Professional News
Telepsychiatry Fulfills Promise in Rural Mississippi
Psychiatric News
Volume 44 Number 19 page 14-15

The Mississippi Delta—in northwest Mississippi—has its claims to fame. The Delta is the birthplace of playwright Tennessee Williams, actor Morgan Freeman, and a spate of blues musicians, but it also is home to some of the poorest and least visible people in America. Along with that poverty has been minimal access to psychiatric services—that is, until a year ago, when telepsychiatry arrived in the Delta.

The program was spearheaded by Grayson Norquist, M.D., chair of the Department of Psychiatry at the University of Mississippi Medical College (UMMC) in Jackson.

Two years ago, Norquist approached the Delta Health Alliance about setting up a telepsychiatry service in the Delta. The alliance, which was founded in 2001 to support community-based health care initiatives, liked the idea and gave him a grant to do it.

Norquist and his colleagues at UMMC decided to set up their telepsychiatry service between their psychiatry department in Jackson and community mental health centers in two small Delta towns—Clarksdale and Greenwood—which are more than 100 miles from Jackson. "But then we had to figure out how to do it," Norquist said in an interview.

The "major hassle," he said, was getting the phone company to put the requisite cables into place. But it was finally completed, and they got their telepsychiatry service up and running a year ago.

At first adult patients were not especially comfortable with two-way live communication via a television screen, Norquist said. However, "the kids adapted to it immediately," he reported. "They love it! They call us the TV docs."

And now a year later, adult patients indicate that they are happy with the system as well. In fact, it is so popular that Norquist and his team are having difficulty meeting the needs of their patients in Clarksdale and Greenwood, along with all of their other responsibilities at the University of Mississippi, but nonetheless they are working on an expansion.

"We hope to install telepsychiatry communication between community mental health centers in Clarksdale and Greenwood and the state hospital to improve the continuity of care of mentally ill patients from those regions. We hope to expand telepsychiatry communication to some other community mental health centers in the Delta as well. And if equipment could be set up for broadband wireless telepsychiatry communication, it would expand our capabilities even more. For instance, we might be able to use it to reach elderly persons at home."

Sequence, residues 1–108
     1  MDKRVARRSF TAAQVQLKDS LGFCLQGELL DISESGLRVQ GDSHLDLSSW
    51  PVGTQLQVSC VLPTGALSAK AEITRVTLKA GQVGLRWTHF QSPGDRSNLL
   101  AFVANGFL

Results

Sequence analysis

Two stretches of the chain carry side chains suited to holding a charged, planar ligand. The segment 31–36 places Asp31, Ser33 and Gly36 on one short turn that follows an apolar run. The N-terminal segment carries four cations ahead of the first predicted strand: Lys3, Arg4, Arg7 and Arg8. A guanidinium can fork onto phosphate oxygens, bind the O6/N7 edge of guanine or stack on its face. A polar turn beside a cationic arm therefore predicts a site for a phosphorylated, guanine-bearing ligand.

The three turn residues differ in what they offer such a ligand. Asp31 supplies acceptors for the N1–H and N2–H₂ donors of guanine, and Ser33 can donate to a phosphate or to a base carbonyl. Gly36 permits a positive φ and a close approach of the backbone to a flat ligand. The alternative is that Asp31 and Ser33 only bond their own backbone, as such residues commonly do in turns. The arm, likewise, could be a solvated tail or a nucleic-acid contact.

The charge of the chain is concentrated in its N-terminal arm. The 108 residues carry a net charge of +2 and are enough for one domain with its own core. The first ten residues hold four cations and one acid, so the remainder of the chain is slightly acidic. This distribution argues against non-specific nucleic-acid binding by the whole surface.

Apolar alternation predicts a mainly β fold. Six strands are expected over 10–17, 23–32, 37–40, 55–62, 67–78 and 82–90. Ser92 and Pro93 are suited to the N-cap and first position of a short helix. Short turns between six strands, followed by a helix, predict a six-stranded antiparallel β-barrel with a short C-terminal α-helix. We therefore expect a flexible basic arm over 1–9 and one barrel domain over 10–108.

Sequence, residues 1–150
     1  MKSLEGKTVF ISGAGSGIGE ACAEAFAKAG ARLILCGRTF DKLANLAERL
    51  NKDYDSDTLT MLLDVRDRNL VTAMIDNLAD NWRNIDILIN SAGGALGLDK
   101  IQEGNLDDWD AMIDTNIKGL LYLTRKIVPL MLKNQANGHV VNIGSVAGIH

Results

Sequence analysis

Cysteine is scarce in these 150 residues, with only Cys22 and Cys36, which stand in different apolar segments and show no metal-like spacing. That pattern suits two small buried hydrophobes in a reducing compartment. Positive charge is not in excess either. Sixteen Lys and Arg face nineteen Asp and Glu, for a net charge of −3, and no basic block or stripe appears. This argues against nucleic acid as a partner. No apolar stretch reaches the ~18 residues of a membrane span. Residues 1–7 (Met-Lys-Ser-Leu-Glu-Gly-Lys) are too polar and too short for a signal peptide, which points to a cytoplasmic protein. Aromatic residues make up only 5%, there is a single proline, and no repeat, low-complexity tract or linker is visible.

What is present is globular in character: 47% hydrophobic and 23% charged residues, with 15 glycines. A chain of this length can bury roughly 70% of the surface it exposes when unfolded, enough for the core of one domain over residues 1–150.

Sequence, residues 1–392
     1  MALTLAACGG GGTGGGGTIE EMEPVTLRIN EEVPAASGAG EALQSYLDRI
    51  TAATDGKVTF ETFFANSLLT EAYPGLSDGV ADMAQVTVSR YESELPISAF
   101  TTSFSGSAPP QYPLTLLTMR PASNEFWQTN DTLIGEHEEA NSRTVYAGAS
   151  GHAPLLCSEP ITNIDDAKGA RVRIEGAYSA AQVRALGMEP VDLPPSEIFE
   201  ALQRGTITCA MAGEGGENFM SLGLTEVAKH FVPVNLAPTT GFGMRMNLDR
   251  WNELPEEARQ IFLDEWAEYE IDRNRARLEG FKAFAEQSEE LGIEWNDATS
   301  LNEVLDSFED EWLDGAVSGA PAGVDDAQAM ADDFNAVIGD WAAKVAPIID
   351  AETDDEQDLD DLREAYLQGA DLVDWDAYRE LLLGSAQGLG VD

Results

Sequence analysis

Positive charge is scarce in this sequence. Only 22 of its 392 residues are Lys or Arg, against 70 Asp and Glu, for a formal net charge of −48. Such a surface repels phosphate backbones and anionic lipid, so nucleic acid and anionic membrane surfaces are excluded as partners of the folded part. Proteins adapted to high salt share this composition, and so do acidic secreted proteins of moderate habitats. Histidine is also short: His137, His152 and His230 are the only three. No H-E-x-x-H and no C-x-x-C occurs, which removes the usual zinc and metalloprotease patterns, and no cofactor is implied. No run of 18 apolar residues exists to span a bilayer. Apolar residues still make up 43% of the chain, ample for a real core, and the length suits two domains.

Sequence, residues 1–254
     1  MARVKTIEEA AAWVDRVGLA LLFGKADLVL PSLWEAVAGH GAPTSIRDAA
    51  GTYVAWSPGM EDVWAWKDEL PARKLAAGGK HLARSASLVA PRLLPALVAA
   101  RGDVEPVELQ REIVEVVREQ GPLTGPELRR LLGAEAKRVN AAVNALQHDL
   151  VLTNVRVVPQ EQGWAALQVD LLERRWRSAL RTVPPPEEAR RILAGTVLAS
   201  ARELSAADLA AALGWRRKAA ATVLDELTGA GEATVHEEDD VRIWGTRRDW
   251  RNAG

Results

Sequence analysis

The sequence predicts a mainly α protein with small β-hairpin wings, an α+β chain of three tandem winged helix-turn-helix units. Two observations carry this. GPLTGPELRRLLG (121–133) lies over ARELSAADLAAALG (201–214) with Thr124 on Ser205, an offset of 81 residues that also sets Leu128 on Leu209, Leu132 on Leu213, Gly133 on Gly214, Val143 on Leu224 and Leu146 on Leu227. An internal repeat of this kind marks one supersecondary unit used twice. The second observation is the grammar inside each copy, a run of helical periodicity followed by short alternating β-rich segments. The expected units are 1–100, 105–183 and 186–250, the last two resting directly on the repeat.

In five years, in fact, he visualizes having a "seamless telepsychiatry system in place in the Delta." Also, he is making progress in working with the state on reimbursing psychiatrists for telepsychiatry services.

Another facet of their program, Norquist reported, is using telepsychiatry to train staff in the community mental health centers in Clarksdale and Greenwood to practice evidence-based medicine. "A psychologist is helping us conduct training in motivational interviewing," he said." We are also using the telepsychiatry system to provide ongoing case supervision after the training to ensure fidelity to the practice."

Although there are a number of other telepsychiatry programs throughout the United States that deliver patient care and training, he said, this continued training through case supervision appears to be unusual among telepsychiatry programs. ▪

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